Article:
Which All-Stars Should You Vote for in the National League?
You're a fan of a National League team, and want home field advantage in the World Series. Unfortunately, you don't know who to vote for - you're not sure which players would give your team the best chance to obtain the advantage. Don't worry, we can help you fill out the optimal ballot, giving you the ability to cast votes for the players who actually should be representing your league in Minnesota this summer.
How can we do this? Well, by using our nifty stat, nERD, of course. In short, nERD is a metric that tells us how many runs above or below average a batter contributes per game. This assumes that the same batter hits for the entire game, so it essentially tells us how many runs above or below average a team of only Miguel Cabreras would be expected to produce per contest.
Without further ado, here are the ideal 2014 NL All-Stars
Catcher: Jonathan Lucroy
Biggest Competition: None
The underappreciated Jonathan Lucroy grabs the first spot on our team, and it is not close. He leads all qualified NL backstops in almost every offensive category, especially his elite .336 batting average and .513 slugging percentage.
Lucroy may not have the name recognition of some other candidates, but he has been an essential part of the Brewers hot start and is enjoying the best season at his position. Pencil his name in the starting lineup now, as this is no contest.
First Base: Paul Goldshmidt
Biggest Competition: Anthony Rizzo
Paul Goldschmidt's presence in the lineup should come as no surprise, as arguably the best slugger in the National League continues to make the case to be deserving of that title. One of the few bright spots on an underperforming Diamondbacks team, Goldschmidt has hit .311 with 13 home runs and 48 RBIs.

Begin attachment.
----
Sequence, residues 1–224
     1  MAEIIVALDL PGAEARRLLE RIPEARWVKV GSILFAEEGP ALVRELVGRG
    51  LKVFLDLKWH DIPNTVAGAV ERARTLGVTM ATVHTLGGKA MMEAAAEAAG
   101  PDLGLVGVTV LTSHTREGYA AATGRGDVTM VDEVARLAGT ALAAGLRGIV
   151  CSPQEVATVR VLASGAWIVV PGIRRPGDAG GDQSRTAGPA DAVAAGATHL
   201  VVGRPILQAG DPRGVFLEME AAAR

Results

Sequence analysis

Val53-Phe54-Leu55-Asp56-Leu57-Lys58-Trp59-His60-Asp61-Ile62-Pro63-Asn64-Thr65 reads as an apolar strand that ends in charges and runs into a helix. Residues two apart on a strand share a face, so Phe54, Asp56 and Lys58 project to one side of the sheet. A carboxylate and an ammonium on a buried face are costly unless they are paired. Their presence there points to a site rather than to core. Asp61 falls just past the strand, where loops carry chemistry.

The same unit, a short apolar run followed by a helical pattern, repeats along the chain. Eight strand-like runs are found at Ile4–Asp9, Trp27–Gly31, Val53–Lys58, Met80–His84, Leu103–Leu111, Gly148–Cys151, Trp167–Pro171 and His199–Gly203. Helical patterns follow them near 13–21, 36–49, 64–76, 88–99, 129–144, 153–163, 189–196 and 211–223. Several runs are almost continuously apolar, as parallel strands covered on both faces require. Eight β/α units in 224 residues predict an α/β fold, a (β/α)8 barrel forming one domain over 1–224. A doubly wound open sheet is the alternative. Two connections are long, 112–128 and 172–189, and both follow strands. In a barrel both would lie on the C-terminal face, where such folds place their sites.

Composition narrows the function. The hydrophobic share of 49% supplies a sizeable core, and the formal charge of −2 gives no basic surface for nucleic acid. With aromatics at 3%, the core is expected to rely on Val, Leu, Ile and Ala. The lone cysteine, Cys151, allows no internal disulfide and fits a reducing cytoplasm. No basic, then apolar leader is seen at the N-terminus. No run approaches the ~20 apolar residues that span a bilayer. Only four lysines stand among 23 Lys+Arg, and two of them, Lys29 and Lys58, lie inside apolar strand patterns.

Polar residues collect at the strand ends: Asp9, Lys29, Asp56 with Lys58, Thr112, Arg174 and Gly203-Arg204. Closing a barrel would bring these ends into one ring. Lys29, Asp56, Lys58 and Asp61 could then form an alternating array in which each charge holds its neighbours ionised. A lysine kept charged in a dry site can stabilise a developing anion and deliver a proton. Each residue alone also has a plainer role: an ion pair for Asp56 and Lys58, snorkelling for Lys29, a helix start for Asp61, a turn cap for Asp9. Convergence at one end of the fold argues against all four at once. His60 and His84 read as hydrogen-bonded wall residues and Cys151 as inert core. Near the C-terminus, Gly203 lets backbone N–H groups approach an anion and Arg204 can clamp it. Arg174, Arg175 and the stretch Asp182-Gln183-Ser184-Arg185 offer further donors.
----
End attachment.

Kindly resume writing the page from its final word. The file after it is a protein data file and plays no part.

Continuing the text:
He edges Cubs slugger Anthony Rizzo in wOBA and wRC+ to lead the position, while also compiling an isolated power of .247. He's a true superstar and gives the D-Backs someone to keep the franchise relevant in the short term and build around in the long term.
Second Base: Chase Utley
Biggest Competition: Daniel Murphy
After convincing many of fans that his best days were behind him, Chase Utley has been healthy and productive again this season. His .314 batting average, .373 on base percentage, and .490 slugging percentage lead the position, and though he has only hit four home runs, he has contributed 24 doubles and 3 triples.
His .348 BABIP is above his career average and is unlikely to continue, but we ought to still appreciate how Utley is on pace to have his best season since 2009, when he hit 31 home runs and stole 23 bags in the heart of the Phillies window of contention. Even though that window has likely closed, Utley has reclaimed the title of the leagueâ€™s best at the keystone.
Third Base: Todd Frazier
Biggest Competition: Matt Carpenter
No, thatâ€™s not a typo. Todd Frazier is the class of National League third baseman. In a position filled with three true-result power bats, Frazier has proven to be the most powerful of them all.
Frazier leads in home runs, slugging percentage, and isolated power. Furthermore and unlike his counterparts, he is not just empty power. A .272 batting average and .348 on base percentage are not elite, but when coupled with elite power, Frazier runs away with the starting spot.
Shortstop: Troy Tulowitzki
Biggest Competition: None